Measure of the extent to which very small particles are influenced by molecular collisions which cause the particles to move in a random manner across the direction of gas flow.

Dimensional Calculations
A form of mathematical calculation in which the units applying to each value are stated explicitly and are handled algebraically.

Units of measure used to express the magnitude of mass, distance, force, and time.

A molecule consisting of two identical simpler molecules. For example, nitrogen dioxide (NO2) forms a dimer (N2O4).

Direct Radiation
Any radiation that strikes the surface of the earth without any interfering process (scattering, diffusion, etc.)

The process by which substances are moved or diluted. Dispersion is a term typically used in the description of the removal of air pollutants from one location to another.

Displacement Reaction
A reaction in which an atom or ion in one substance displaces an atom or ion in another. Classified as single-displacement and double-displacement (metathesis) reactions.

Dissociation Constant
A number that represents the essentially steady equilibrium constant for a weak solution. Also known as ionization constant.

An atmospheric condition that exists when the winds cause a horizontal net outflow of air from a specific region.

A RADAR or LIDAR that determines the velocity of falling precipitation either toward or away from the sensing device by taking into account the change in frequency of waves (Doppler effect)

A chemcial reaction where different atoms in two different compounds displace each other.

Downslope Wind
Also called a katabatic wind, any wind that blows down the side of a mountain or hill.

Dry Adiabat
A line of constant potential temperature on a thermodynamic chart.

Dry Adiabatic
The rate of change of temperature in a rising or descending unsaturated parcel of air.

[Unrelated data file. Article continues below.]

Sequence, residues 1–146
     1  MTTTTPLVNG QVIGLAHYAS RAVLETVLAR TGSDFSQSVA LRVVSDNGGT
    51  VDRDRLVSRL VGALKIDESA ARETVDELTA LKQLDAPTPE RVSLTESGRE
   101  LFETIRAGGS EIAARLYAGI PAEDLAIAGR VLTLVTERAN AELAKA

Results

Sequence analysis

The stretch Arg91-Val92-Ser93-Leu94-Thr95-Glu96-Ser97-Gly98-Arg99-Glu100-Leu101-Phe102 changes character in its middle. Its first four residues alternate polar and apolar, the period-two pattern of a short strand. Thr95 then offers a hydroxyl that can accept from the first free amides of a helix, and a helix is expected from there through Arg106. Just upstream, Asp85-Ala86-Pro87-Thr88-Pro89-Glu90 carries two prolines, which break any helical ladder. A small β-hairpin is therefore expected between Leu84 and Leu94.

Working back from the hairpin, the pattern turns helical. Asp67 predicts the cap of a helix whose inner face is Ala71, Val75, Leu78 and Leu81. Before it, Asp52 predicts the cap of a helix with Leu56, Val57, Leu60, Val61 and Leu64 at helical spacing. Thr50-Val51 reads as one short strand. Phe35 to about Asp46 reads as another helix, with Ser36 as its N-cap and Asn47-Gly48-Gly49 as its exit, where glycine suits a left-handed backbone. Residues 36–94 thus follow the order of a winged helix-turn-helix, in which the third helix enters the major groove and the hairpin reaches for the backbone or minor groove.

Dry Adiabatic Lapse Rate
The rate of change of temperature in rising or descending unsaturated air parcel. The rate of adiabatic cooling or warming is 5.5oF per 1,000 feet (10oC per 1,000 meters).

Dry adiabatic process
The process by which temperature changes in a rising or descending unsaturated parcel of air, without exchange of energy occuring between the parcel and the surrounding environment.

Dry Basis Concentration
The conversion of concentration data or gas flow rate to a moisture-free basis.

Dry Deposition
Dry deposition is the process by which gaseous pollutants are adsorbed by plants and soil through a mass-transfer process. Also defined as the deposition of acids or acid precursors from the atmosphere onto plant foliage and other solid surfaces by adsorption and direct uptake in the absence of liquid water. The rate at which this occurs depends on the 'deposition velocity'. The size of this coefficient varies according to the surface. Typical values for SO2 deposited on foliage are 0.5 - 1.0 cm s-1.

Dry Scrubber
An air pollution control device used to remove an acid gas pollutant from a gas stream. The pollutant is collected on or in a solid or liquid material, which is injected into the gas stream. A dry scrubber produces a dry product that must be collected downstream from this control device.

Dynamic Model
In hydrology, a hydrological computer model that is mathematically and physically correct because it accounts for every molecule of moisture entering, stored in and leaving a basin or an area.

Break Line

A small volume of air (or any fluid) that behaves differently from the larger flow in which it exists.

Eddy Viscosity
The internal friction produced by turbulent flow.

Effective Precipitation (Rainfall)
1) That part of the precipitation that produces runoff.  2) A weighted average of current and antecedent precipitation that is "effective" in correlating with runoff.   3) That part of the precipitation falling on an irrigated area that is effective in meeting the consumptive use requirements.

A substance that produces either (1) a conducting ionic melt when fused, or (2) a conducting ionic solution when dissolved in certain solvents (most often water). All acids, bases and salts are electrolytes.

Electromagnetic spectrum
Light at all different wavelengths, including radio waves, microwaves, infrared light, visible light, ultraviolet light, gamma rays, and x-rays.

One of the parts of the atom having a negative charge. Indivisible particle with a charge of -1.

Electronegativity (electronegative)
Measure of a substances's ability to attract electrons.

Electrostatic Precipitator
A type of air pollution control system that uses high voltage fields to electrically charge and collect particulate matter. The charged particles approach an electrically grounded collection plate and accumulate as a dust layer, which is partially removed by mechanical rapping (hammers) on a routine basis.

Elementary Reaction
An individual reaction step in a mechanism.

A general term for any primary pollutant that is produced and placed into the atmosphere. Emissions can come from mobile or stationary sources.